All my storage needs, public cloud aside, are now consolidated into a Network Attached Storage (NAS) box I built last year using FreeNAS. It has the equivalent of RAID5. However, whichever redundancy designed into a single NAS still won’t address the risk of a catastrophic installation failure. It would be better to have remote replication.
For the uninitiated, let me explain a little about RAID protection.
RAID5 provides for a single disk redundancy. If any one drive fails, your data is safe, because you haven’t lost data. Technically, we’d say your data is now “at risk”, because you now have no protection. The RAID volume is degraded in this situation. If a second disk were to fail before you replace that first failed disk and rebuild the data redundancy, you would have lost your data.
Is such a double disk failure common? If your original set of RAID5 drives are of the same brand/model, were bought at the same time, from the same shop, then it’s likely they were all manufactured at the same time from the same factory assembly line. After you put the drives into use, they’ve all undergone the same number of boot cycles and largely see the same drive operations. If one drive fails, there’s a good chance another will fail soon. In this scenario, RAID5 isn’t terribly safe.
RAID6 addresses some of those risks by providing a second parity disk. After the first drive failure, your data is still protected by one more redundant disk. You lose data when the third disk fails.
None of these protections, even if you use RAID50 or RAID60, etc, matters in the event of a catastrophic NAS failure. For example, a power surge through the hardware may have damaged all hard drives simultaneously, or a software bug may have catastrophically corrupted the data.
The best protection is to have remote replication to a separate NAS, preferably off-site, in another location. Remote replication does mean you need a second NAS, and that means significant additional cost.
I’ve been weighing the pros and cons of going with RAID6, or investing instead in remote replication. The latter is better, but it’ll cost even more. I was considering low-end boxes like embedded single-board computers which I had used to build my pfSense gateway. Slow is alright, since these will serve only as replication slaves. Unfortunately, these systems tend to have very limited I/O expansibility options. A proper PC would be more flexible, but that will cost much more.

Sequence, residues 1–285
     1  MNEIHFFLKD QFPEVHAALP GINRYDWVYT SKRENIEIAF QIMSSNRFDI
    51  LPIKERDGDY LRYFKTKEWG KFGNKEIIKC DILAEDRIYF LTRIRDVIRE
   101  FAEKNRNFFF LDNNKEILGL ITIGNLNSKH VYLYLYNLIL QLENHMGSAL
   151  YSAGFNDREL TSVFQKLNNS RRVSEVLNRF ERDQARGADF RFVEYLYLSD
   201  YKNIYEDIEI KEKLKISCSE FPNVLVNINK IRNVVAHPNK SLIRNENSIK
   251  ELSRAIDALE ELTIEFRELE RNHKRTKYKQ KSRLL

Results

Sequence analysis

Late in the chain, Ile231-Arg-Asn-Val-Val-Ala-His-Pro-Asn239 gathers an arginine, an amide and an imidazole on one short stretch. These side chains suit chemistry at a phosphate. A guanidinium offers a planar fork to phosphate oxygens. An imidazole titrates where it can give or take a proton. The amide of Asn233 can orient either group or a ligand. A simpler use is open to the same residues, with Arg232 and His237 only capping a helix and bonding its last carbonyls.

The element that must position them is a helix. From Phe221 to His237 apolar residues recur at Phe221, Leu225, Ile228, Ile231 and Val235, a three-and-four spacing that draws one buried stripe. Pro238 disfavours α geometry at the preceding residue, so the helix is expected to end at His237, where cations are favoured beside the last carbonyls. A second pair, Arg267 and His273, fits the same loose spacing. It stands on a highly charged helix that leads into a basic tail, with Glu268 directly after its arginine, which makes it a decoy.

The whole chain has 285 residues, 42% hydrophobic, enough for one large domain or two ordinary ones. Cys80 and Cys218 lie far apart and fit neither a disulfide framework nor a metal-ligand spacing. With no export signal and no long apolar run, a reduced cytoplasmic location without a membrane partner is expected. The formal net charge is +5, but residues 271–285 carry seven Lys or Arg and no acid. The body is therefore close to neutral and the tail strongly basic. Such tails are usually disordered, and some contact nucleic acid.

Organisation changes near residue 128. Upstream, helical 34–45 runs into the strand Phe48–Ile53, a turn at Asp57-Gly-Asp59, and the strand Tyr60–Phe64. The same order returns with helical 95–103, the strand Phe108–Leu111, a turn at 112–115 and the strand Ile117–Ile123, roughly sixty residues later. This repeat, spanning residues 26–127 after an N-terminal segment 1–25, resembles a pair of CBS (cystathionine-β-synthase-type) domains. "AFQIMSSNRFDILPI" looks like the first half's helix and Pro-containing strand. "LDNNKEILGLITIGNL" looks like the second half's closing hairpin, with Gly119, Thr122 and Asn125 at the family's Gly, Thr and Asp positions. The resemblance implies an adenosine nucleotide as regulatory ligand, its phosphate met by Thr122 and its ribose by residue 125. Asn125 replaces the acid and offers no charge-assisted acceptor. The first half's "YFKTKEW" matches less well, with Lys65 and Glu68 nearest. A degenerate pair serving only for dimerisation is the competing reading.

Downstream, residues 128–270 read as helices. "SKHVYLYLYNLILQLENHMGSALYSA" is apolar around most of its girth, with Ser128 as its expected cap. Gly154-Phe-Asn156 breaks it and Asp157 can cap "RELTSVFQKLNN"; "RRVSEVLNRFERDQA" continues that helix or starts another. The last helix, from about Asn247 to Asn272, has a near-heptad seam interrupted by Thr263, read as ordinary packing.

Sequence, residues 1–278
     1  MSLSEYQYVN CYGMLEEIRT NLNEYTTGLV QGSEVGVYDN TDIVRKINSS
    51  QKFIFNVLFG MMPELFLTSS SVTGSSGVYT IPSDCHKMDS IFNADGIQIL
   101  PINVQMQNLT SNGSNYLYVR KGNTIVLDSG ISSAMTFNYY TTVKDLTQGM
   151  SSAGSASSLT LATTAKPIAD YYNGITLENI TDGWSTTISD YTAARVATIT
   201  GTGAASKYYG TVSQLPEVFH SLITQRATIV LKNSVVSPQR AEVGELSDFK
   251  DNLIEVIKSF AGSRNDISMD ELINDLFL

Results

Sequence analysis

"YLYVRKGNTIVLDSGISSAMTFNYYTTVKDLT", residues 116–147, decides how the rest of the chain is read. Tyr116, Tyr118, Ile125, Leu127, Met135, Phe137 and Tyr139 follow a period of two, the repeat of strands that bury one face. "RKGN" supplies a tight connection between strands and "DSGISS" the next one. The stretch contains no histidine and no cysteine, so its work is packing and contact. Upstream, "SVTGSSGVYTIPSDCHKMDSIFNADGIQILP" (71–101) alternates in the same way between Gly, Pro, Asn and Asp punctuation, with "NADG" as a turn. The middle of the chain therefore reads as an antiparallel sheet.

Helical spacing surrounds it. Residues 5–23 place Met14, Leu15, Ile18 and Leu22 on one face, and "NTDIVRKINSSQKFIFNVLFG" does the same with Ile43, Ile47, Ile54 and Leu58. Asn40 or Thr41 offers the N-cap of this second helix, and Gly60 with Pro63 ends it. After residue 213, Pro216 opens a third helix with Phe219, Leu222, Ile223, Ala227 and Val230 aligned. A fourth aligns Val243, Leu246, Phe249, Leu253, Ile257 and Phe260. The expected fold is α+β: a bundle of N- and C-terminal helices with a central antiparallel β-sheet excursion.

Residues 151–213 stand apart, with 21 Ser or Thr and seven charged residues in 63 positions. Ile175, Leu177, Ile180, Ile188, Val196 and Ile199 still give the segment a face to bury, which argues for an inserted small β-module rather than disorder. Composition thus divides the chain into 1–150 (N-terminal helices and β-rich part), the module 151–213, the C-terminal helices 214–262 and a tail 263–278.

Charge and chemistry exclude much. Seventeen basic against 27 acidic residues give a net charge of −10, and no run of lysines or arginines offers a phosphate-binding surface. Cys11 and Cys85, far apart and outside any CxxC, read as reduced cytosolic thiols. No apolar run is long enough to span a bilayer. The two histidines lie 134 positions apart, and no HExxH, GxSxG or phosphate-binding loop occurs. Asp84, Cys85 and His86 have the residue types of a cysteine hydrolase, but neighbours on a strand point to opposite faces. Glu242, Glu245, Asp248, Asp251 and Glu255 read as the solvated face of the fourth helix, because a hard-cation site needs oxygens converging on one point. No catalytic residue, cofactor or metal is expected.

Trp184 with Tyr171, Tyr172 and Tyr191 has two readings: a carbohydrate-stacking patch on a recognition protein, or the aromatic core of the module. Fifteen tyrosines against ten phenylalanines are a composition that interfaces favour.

Unless, of course, you happen to have an old, spare, PC lying around. As it turned out, I did have an old PC that hasn’t been used for a while. It’s old, but yet modern enough to be able to run FreeBSD, and hence FreeNAS worked well on it. I even had old hard disks in there that were still workable.
That old PC became my FreeNAS replication slave. I just needed to get another SanDisk Ultra Fit Flash Drive to serve as the FreeNAS boot media, and it was good to go.
FreeNAS has built-in support for replication using ZFS’ send/recv features, so you don’t need to install anything extra. Just refer to the FreeNAS replication documentation for instructions. If the replicated FreeNAS slave is on a remote network behind a NAT, you may have some reachability hurdles to overcome, but there are certainly ways to overcome that. I made use of outbound SSH proxy connections from the slave to carry connections from master to slave. It’s a little inelegant, but ultimately works.
The public cloud is easy and convenient to use for most users. The cloud providers will sort out the redundancy, robustness and resiliency issues for you. However, if like me you want to own and control your own data, at least some part of them, and thus want to run your own cloud storage, the problem of redundancy and replication has to be something you’d need to take care of yourself.
It’s important to backup your precious data, but don’t forget that protecting your backup itself is also important.